In order to survive this new world you need professionals who can understand both the business context and the technology context, and they need to be able to show how the technology can best be used to enable and bring value to business models. Enterprise Architects are in this unique position, and already have some of the tools and methods required to deliver efficient and flexible IT solutions. But how do they ensure that these solutions are most effective for the business? Traditionally we have captured requirements from the business, and delivered solutions using IT's interpretation of what the business wants. Enterprise Architecture and Agile methods have brought us improved ways of working with the Business, but are these fit for the future world where the Business will take the lead on Technology?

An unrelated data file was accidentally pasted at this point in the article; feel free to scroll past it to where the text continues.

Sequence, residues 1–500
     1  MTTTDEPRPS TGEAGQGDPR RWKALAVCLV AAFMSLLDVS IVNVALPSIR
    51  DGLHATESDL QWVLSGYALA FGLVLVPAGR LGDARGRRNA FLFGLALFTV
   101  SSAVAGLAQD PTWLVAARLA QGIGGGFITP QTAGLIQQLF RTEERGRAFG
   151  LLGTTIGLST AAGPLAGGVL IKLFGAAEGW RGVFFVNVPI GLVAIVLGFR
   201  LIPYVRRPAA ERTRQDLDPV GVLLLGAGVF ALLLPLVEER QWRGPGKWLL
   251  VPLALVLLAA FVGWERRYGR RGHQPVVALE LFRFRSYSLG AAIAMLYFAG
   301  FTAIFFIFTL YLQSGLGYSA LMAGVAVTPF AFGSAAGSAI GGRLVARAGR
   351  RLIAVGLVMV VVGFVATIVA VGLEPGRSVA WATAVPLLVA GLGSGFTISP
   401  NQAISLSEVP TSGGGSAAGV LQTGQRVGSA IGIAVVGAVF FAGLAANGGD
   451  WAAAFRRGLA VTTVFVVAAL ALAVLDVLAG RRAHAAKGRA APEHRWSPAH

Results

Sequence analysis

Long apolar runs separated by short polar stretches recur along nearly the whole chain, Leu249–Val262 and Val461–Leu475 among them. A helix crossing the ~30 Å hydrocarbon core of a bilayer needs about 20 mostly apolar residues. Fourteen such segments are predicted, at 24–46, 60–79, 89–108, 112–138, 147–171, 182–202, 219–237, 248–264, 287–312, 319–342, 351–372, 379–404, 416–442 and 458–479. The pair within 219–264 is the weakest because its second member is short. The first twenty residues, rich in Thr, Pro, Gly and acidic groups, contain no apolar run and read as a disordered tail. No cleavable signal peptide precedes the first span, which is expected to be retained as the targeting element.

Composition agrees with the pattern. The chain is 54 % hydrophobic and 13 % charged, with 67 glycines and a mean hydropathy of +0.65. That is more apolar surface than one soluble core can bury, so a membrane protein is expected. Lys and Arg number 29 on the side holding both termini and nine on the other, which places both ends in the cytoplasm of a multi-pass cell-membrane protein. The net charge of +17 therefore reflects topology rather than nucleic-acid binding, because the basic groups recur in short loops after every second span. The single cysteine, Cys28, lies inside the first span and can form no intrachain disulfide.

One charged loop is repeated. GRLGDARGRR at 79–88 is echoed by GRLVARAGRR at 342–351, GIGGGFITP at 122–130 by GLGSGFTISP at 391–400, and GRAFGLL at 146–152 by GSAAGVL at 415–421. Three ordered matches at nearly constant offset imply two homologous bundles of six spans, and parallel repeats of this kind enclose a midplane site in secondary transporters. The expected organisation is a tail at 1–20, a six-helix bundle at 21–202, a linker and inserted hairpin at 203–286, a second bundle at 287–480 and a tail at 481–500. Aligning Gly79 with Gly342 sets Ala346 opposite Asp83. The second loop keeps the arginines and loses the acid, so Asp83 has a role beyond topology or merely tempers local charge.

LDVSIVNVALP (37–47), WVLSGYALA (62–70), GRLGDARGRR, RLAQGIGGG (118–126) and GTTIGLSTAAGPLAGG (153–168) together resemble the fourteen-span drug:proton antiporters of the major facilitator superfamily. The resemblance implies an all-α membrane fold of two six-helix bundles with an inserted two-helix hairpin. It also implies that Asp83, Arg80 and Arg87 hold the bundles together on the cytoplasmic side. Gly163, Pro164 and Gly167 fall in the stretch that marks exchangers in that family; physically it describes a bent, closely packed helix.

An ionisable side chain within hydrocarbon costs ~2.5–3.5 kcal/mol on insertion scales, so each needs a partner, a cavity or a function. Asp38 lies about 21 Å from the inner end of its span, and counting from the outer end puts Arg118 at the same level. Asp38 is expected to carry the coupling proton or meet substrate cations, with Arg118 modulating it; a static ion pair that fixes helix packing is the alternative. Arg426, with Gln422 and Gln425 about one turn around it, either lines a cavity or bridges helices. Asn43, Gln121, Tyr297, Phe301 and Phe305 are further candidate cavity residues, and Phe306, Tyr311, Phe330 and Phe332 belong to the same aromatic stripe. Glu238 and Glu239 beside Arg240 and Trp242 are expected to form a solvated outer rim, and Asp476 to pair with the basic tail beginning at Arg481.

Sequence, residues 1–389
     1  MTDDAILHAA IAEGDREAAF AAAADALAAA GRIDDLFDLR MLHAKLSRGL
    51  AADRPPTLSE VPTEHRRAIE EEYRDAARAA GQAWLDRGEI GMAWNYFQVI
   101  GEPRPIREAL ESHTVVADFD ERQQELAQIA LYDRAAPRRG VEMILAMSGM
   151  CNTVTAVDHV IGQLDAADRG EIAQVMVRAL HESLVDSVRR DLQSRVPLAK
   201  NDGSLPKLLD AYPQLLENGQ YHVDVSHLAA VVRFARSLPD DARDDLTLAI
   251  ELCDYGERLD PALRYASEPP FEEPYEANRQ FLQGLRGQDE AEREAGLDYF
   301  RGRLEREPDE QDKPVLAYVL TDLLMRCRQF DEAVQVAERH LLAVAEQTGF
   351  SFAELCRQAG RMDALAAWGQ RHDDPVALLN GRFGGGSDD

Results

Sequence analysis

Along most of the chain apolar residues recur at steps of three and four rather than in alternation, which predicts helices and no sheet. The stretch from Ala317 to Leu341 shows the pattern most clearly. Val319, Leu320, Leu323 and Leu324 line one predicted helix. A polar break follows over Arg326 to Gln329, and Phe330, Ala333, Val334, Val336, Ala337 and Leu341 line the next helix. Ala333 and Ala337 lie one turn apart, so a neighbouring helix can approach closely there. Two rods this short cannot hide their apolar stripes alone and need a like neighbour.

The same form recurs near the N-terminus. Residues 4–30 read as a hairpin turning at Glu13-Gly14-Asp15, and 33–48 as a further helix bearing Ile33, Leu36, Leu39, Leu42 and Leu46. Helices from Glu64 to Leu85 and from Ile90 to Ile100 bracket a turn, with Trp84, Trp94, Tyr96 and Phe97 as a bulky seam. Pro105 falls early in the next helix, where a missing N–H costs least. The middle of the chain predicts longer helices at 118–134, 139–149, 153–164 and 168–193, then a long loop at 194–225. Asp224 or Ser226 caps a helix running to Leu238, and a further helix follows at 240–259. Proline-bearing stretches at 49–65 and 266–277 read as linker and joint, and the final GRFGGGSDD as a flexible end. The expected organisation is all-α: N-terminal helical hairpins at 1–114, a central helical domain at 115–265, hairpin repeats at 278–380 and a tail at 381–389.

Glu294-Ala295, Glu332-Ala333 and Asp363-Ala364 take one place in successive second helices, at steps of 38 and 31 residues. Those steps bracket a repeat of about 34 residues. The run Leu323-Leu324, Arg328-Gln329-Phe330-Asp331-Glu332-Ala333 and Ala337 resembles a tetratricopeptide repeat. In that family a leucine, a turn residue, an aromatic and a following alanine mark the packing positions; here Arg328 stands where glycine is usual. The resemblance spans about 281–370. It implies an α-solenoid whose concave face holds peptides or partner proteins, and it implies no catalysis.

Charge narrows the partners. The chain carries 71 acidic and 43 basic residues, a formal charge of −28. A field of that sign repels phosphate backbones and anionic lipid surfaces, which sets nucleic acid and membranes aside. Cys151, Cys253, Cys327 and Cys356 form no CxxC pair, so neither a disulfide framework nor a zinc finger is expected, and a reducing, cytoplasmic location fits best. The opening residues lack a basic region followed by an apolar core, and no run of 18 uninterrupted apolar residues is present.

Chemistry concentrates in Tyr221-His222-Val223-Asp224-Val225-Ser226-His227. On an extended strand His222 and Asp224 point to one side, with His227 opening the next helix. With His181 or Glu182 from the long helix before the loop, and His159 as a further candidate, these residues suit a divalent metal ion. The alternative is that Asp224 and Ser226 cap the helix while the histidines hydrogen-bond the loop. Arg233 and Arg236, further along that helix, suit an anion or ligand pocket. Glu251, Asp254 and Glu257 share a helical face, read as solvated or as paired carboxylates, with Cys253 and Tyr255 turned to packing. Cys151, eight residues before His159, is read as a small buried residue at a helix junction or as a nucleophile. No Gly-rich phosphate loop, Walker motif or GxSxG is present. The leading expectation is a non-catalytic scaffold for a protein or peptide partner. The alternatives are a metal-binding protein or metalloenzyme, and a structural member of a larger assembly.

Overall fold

As Enterprise Architects, we often preach about 'alignment' with the business, but that often feels like we are playing catch-up with the business and innovation is constrained to the scope that the business has already determined and set for IT. Surely there's a better way.

The answer lies in the EA domain of Business Architecture. The methods and tools that Business Architects need to design business models within an Enterprise Architecture context are critical to being able to work collaboratively with the business and deliver effective Business Technology.

In this blog, I will explore different Business Architecture methods and tools, modelling techniques and views, that you will need to be armed with as we enter the new world of Business Technology. I'll also look at the latest research and thought leadership in this area, providing you with my own view on how this may all come together.